Wealth Management — April 22, 2020
- US stocks rallied on Wednesday as the S&P 500 rose 2.3% to close at 2,799. With the rally, the index is now down 13.4% year to date and has corrected 17.3% from the February 19 all-time high.
- Stocks rallied as oil markets bounced off of recent lows and earnings reports in certain technology and consumer discretionary companies came in better than expected. The tech sector was Wednesday’s big leader, essentially reversing the prior session’s losses. On the political front, the US Senate passed a new $480 billion fiscal stimulus bill aimed at providing additional loans and grants to small/medium sized businesses after the Paycheck Protection Program (PPP) funding was exhausted last week, as well as helping aid the health care sector. The bill moves to the House where it is expected to be passed this week.
- All 11 S&P 500 sectors were higher Wednesday, with Information Technology (+3.9%) and Energy (+3.6%) outperforming the broader market, while Financials (+1.1%) and Consumer Staples (+1.1%) lagged.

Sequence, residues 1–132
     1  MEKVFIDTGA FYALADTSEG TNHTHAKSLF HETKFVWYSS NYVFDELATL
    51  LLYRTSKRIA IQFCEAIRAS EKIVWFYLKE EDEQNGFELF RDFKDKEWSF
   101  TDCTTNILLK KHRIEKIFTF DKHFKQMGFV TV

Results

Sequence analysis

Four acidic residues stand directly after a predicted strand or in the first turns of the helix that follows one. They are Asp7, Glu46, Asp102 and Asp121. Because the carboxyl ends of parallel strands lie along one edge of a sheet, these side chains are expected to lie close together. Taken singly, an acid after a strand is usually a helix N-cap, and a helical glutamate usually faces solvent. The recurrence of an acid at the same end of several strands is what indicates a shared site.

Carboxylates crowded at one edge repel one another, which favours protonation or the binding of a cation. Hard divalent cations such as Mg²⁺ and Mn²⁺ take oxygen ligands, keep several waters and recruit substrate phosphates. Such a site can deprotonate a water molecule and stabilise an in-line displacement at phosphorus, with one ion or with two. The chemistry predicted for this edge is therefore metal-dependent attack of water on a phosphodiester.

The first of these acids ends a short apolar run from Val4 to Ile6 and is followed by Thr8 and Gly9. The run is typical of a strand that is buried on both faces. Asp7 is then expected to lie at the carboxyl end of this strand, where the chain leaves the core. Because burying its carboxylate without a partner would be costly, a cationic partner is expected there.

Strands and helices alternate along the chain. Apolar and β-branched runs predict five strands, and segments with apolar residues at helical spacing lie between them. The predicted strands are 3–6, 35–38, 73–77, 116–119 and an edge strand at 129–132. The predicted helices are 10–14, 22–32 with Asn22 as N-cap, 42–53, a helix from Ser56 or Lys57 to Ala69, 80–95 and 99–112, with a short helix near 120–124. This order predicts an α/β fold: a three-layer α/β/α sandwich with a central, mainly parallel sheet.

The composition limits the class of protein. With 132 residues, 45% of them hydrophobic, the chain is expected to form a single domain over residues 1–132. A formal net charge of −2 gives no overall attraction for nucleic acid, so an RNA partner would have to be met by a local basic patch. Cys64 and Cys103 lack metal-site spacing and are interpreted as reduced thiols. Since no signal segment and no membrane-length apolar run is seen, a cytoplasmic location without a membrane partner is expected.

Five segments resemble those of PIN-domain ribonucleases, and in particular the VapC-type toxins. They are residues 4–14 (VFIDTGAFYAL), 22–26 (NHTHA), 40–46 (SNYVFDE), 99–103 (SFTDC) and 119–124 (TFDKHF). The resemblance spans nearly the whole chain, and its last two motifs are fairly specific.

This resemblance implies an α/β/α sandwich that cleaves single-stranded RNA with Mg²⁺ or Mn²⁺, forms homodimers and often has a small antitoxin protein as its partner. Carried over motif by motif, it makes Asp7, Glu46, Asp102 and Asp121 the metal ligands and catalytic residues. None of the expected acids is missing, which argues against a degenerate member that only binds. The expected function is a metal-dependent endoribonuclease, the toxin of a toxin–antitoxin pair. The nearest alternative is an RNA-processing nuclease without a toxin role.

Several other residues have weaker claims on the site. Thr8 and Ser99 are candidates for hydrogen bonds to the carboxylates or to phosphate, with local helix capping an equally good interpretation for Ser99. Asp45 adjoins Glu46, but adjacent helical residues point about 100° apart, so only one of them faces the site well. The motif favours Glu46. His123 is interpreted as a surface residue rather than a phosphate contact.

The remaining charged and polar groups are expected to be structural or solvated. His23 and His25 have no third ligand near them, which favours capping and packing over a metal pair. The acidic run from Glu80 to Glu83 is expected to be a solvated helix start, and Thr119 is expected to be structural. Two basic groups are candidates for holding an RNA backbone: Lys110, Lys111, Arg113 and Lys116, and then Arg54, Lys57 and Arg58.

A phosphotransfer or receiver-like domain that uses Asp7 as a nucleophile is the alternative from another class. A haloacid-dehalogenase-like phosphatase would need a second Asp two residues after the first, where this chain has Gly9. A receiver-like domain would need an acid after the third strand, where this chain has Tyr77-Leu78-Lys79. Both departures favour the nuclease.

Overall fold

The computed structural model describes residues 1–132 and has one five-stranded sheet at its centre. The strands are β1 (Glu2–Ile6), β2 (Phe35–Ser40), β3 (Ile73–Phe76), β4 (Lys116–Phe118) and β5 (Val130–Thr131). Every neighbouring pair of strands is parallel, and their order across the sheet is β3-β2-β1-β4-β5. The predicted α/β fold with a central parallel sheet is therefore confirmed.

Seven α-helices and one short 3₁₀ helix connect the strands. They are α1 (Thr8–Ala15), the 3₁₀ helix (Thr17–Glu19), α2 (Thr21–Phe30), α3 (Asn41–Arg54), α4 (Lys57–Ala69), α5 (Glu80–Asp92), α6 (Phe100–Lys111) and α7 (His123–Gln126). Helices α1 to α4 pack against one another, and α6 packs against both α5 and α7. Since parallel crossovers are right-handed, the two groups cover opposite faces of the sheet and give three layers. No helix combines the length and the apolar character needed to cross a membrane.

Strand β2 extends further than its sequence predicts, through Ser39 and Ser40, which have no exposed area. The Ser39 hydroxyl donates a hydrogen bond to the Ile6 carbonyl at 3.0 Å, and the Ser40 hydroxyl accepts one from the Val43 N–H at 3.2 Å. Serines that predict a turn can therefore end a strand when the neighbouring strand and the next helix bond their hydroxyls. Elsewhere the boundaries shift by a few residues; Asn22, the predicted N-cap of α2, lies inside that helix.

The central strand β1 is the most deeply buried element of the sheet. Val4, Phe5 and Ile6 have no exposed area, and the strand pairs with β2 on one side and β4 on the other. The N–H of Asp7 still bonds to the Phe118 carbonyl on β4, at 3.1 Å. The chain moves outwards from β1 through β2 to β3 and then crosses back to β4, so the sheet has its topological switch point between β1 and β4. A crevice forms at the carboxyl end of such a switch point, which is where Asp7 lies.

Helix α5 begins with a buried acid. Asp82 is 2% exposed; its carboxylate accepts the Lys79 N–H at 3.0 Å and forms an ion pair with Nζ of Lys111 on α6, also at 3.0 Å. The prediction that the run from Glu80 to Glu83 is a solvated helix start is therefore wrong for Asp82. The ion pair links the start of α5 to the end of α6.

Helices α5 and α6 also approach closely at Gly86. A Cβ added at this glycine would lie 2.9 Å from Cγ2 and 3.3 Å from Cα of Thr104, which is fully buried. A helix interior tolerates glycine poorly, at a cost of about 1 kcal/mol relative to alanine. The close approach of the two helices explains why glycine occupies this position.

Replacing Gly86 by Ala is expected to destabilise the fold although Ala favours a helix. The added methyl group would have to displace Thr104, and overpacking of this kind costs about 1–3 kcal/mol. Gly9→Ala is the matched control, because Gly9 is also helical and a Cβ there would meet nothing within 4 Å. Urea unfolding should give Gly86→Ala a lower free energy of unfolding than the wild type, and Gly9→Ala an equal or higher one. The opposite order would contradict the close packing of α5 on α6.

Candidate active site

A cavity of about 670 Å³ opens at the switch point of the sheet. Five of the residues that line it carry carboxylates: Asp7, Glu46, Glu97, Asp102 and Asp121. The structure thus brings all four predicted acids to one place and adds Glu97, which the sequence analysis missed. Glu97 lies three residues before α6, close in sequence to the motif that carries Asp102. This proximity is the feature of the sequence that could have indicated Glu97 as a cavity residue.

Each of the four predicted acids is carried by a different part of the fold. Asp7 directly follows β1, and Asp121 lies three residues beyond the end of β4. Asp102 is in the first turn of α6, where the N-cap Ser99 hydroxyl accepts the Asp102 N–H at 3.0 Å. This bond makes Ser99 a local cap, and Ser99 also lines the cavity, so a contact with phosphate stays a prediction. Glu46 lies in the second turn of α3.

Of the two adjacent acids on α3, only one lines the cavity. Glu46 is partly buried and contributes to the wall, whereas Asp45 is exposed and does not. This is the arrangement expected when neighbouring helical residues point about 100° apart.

- Rates were slightly higher across the curve, with the yield on the 10-year rising to 0.61% as of the 4 p.m. equity close. The yield curve steepened, as 10-year rates rose more than 2-year rates. WTI oil rose 20% to $14 per barrel, while gold rose 1.9%. The US dollar was modestly higher, as measured by the US Dollar Index.
US stocks rose sharply on Wednesday as the S&P 500 gained 2.3%. Wednesday’s rally comes after back-to-back losing sessions for the index, as a collapse in crude oil prices appeared to weigh on financial market sentiment earlier this week. Crude prices stabilized on Wednesday, perhaps contributing to Wednesday’s equity market reversal. Interestingly, even with the dramatic fall in oil, energy stocks have outperformed the broader market this week. Stabilizing oil prices, at least for the day, also may have allowed Treasury rates to move higher following their recent slide, with the 10-year Treasury back above 0.60% in Wednesday’s trading. Outside of oil, corporate fundamentals remain in focus as a busy week of earnings continues; several better-than-expected reports last night also may have contributed to today’s rally. Action in Washington may also have helped improve sentiment today, as the Senate voted to upsize the funds made available to the Paycheck Protection Program (PPP) following last week’s news that the program’s lending capacity had quickly been exhausted given demand from small businesses for loans.